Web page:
Euclid - Online edition

Eucalyptus mimica subsp. continens

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Eucalyptus | Symphyomyrtus | Bisectae | Glandulosae | Erectae | Abundae

Eucalyptus mimica subsp. continens Brooker & Hopper, Nuytsia 14: 345 (2002).

T: 11 km S along Lockhardt Rd from Magenta Road turnoff, W.A., 17 Dec. 1987, M.I.H.Brooker 9841; holo: PERTH; iso: AD, CANB, MEL, NSW.
Mallet to 5 m tall. Lignotuber absent.
Bark smooth throughout, dark and light grey to greenish grey over coppery or brown.
Branchlets have oil glands in the pith.
Juvenile growth (coppice or field seedlings to 50 cm): not seen.
Adult leaves held erect, alternate, petioles 0–0.5 cm long; blade narrowly elliptical to linear, 3.5–7.7 cm long, 0.4–0.8 cm wide, base tapering to petiole, margin entire or distantly indented, apex pointed, concolorous, green, glossy, the surface appearing "glazed", midrib usually visible, side-veins and reticulation invisible, obscured by numerous oil glands.
Inflorescence axillary unbranched, peduncles 0.7–1.5 cm long, buds 3, pedicellate (pedicels 0.5–1 cm long). Mature buds broadly fusiform in outline (1.2–1.8 cm long, 0.5–0.6 cm wide), the hypanthium strongly 3 or 4-angled, operculum conical to pyramidal, the outer operculum persisting until bud maturity but becoming scarious and easily separable from inner operculum (occasionally the outer operculum may shed before flowering to reveal a warty inner operculum), stamens erect, anthers oblong, versatile, dorsifixed, dehiscing by longitudinal slits, style long and straight, stigma blunt to slightly dilated, locules 3 or 4, the placentae each with 6 vertical rows of ovules. Flowers not seen.
Fruit pedicellate (pedicels 0.5–0.7 cm long), obconical in outline and triangular to square in cross-section having 3 or 4 prominent angles and slightly curved faces between, 0.8–1.7 cm long, 0.6–1.2 cm wide, disc descending, hidden by the persistent narrow staminophore, valves 3 or 4, near rim level.
Seeds dark brown, 0.7–1.5 mm long, ovoid to flattened-ovoid, dorsal surface clearly and shallowly reticulate, hilum ventral.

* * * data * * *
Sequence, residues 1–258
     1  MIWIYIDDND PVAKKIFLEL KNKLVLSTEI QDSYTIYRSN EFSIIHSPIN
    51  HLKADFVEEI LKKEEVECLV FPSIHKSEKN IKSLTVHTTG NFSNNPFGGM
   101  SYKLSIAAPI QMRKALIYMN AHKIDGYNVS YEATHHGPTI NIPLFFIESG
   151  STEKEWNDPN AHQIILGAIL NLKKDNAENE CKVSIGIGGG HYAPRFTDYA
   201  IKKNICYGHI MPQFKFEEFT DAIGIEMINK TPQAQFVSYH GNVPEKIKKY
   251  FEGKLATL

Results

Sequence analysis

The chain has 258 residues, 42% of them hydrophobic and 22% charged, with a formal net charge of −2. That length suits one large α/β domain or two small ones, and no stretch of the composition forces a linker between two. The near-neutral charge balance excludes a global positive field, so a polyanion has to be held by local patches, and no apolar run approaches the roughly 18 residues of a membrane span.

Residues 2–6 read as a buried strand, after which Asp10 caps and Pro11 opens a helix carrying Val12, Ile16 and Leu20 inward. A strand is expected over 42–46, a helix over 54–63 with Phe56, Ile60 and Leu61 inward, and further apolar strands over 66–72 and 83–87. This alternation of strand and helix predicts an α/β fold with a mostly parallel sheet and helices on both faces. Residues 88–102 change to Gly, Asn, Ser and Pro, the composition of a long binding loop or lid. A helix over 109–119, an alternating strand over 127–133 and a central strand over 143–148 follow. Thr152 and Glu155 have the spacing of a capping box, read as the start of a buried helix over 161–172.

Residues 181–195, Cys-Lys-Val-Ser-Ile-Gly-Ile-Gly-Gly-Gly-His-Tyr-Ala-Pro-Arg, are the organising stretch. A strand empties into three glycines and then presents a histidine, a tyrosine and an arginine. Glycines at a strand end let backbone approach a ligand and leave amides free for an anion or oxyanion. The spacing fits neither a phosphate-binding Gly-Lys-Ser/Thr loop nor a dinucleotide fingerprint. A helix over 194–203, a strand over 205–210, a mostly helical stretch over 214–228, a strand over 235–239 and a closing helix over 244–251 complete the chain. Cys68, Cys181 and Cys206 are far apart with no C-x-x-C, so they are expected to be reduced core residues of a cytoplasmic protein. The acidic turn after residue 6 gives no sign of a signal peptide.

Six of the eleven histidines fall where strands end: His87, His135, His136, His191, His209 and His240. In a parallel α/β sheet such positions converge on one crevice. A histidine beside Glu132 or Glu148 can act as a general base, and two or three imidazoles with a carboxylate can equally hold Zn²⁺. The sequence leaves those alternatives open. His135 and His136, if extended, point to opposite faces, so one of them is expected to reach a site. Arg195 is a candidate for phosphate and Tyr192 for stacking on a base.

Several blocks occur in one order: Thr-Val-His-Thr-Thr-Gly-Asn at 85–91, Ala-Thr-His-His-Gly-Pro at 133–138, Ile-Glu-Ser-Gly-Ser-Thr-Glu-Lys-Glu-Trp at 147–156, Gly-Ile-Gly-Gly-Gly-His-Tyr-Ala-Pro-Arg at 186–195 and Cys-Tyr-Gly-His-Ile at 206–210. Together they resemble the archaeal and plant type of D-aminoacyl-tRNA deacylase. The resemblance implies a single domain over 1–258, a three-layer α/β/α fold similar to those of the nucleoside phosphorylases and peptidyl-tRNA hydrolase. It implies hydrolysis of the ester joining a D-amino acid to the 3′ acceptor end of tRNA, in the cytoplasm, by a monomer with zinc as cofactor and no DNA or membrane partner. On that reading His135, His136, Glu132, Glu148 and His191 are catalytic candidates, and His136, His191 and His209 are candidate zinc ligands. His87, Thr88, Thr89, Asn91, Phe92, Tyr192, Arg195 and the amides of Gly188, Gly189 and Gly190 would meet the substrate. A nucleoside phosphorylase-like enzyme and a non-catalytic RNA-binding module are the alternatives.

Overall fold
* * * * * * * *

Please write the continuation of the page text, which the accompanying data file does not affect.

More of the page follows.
Cultivated seedlings (measured at node 10): cotyledons Y-shaped (bisected); stems rounded in cross-section, smooth or slightly warty; leaves subsessile to shortly petiolate, opposite for 3–6 nodes then alternate, linear, 4.5–6.5 cm long, 0.5–1.2 cm wide, dull, green for ca 10 nodes then glossy. Lamina, midrib and margin with sparse warts and may feel slightly roughened when fresh.
Flowering Time

Flowering time unknown.

Eucalyptus mimica is a mallet species endemic to Western Australia, found only in the area immediately south of Newdegate in the southern wheatbelt. It is smooth-barked with a crown of linear to narrowly elliptical, green, glossy leaves with little visible venation and numerous oil glands.

Eucalyptus mimica is a somewhat atypical species in Eucalyptus subgenus Symphyomyrtus section Bisectae subsection Glandulosae because the outer operculum of the buds does not shed early leaving an operculum scar (see description above); however, the cotyledons are bisected, branchlets have oil glands in the pith and adult leaves have a glazed surface, all of which place it firmly in subsection Glandulosae. E. mimica belongs to a subgroup further characterised by having buds with erect stamens, series Erectae, and is distinguished from most other species in this group by the buds and fruit that are square in cross-section but not winged. E. mimica differs from its close relative E. steedmanii by having smaller, unwinged buds and fruit. 

The restricted occurrence, square buds and fruit which are always in clusters of three, and unusual outer operculum character mean that E. mimica is unlikely to be confused with any other species.

There are two subspecies:

E. mimica subsp. mimica
Distinguished by the outer operculum forming separate sepals that are ultimately deciduous, and the apparently saline habitat. Found south-east of Newdegate.

E. mimica subsp. continens 
The outer operculum does not form separate sepals but remains unshed on the bud until flowering. Occurs on low lying country immediately south of Newdegate.
Origin of Name
Eucalyptus mimica: from Latin mimicus, mimicking, referring to the similarity with E. steedmanii.

subsp. continens: from Latin continens, held, remaining, referring to the persistent outer operculum.
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